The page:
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Yale's Biggest Science Project


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Yale's Biggest Science Project

Name the top science and engineering schools, and Yale University probably won't come until after a second breath, admits Yale President Richard C. Levin. That could soon change. Yale plans to spend $500 million on a sweeping expansion of its science and engineering facilities.

Yale's plan calls for five buildings to be constructed, enlarging the university's total "footprint" by about 25%, says Levin. "We haven't had an expansion anything like this since the 1960s." Three new buildings will be used for state-of-the-art research in chemistry, biology, and environmental science. The fourth will be devoted to engineering, and No. 5 will house classrooms for the School of Forestry & Environmental Studies.

Triggering this flurry of construction was a $24 million gift from John C. Malone, chairman of Liberty Media Corp., who earned a 1963 engineering degree from Yale. While Malone's donation is earmarked for the engineering school, Yale decided it needed to upgrade other departments as well. "The sciences are so interconnected today that it's hard to think about one department without considering the others," Levin explains. Malone's gift is just a downpayment. A fund-raising campaign will be launched to come up with the rest. Its success will determine how quickly Yale can make good on its plans.By Otis Port; Edited by Ellen LickingReturn to top

But Will They Bring a Little Keg of Brandy?

Rescuers searching for an avalanche victim have just hours to find the person before hypothermia, or even death, occurs. But help--initially in the form of swarming mini-robots--is on the way. Rush D. Robinett and his colleagues at the Energy Dept.'s Sandia National Laboratories have developed software that enables cockroach-size robots--with less than a quarter of the computing power of a desktop PC--to pinpoint a source of interest, say the location of a land mine or a lost skier.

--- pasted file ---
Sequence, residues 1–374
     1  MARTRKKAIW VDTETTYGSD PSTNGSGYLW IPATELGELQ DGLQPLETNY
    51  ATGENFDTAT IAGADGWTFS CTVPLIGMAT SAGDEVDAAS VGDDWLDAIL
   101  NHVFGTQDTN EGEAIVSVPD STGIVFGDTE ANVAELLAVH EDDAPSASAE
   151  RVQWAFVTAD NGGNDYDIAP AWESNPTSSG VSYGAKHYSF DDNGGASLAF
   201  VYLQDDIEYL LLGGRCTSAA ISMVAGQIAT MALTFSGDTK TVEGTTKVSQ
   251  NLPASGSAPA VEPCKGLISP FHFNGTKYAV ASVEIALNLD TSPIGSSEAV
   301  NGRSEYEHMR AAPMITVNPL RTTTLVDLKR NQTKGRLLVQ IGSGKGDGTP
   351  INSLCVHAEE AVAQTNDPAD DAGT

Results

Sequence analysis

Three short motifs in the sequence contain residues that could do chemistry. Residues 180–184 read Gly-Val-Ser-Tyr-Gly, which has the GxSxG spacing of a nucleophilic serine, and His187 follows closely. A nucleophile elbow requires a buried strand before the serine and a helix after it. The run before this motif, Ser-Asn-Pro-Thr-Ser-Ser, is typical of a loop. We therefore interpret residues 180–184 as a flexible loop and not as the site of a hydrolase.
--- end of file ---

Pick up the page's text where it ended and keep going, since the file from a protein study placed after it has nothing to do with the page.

Controlled by Robinett's search program, the tiny robots constantly measure the strength of the signal emanating from the sought-after source, such as a skier's radio beacon. The robots, built with wheels or legs, constantly communicate this information, plus their position, to the other robots in the swarm. With each new bit of information, the individuals in the group refine the direction of their search.

Simulations suggest that searchers using this "swarm" of 10 to 20 robots can locate avalanche victims at least four times as fast as conventional search methods. Robinett envisions a day when rescue workers will carry not only global positioning systems and radio equipment, but also handheld computers running his program.Edited by Ellen LickingReturn to top

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A Flat TV with No Fat Price Tag

Engineers have tested countless techniques for flattening bulky picture tubes into sleek, wall-hanging televisions. But liquid crystals, light-emitting diodes, miniature vacuum tubes, and gaslike plasma have all proved costly--or impossible--to work with at sizes greater than a 20-inch diagonal. A 42-in. flat-plasma display from Fujitsu Ltd., for example, still costs more than $5,000.

But Westaim Advanced Display Technologies Inc. of Toronto says it will soon be demonstrating bright flat-panel TVs that will cost half as much as plasma TVs and be less vulnerable to damage from knocks and shakes during shipping or installation. In the lab, Westaim has produced 17-in. prototypes.

Westaim's approach is a variation on an old technology known as electroluminescence. To build the screens, engineers stack up layers of electrodes, insulators, colored phosphors, and filters on a sturdy ceramic substrate. The result is a solid-state panel with no moving parts or temperamental gases. "People have been skeptical, but it does have real potential," says display analyst David Mentley at Stanford Resources Inc.By Neil Gross; Edited by Ellen LickingReturn to top


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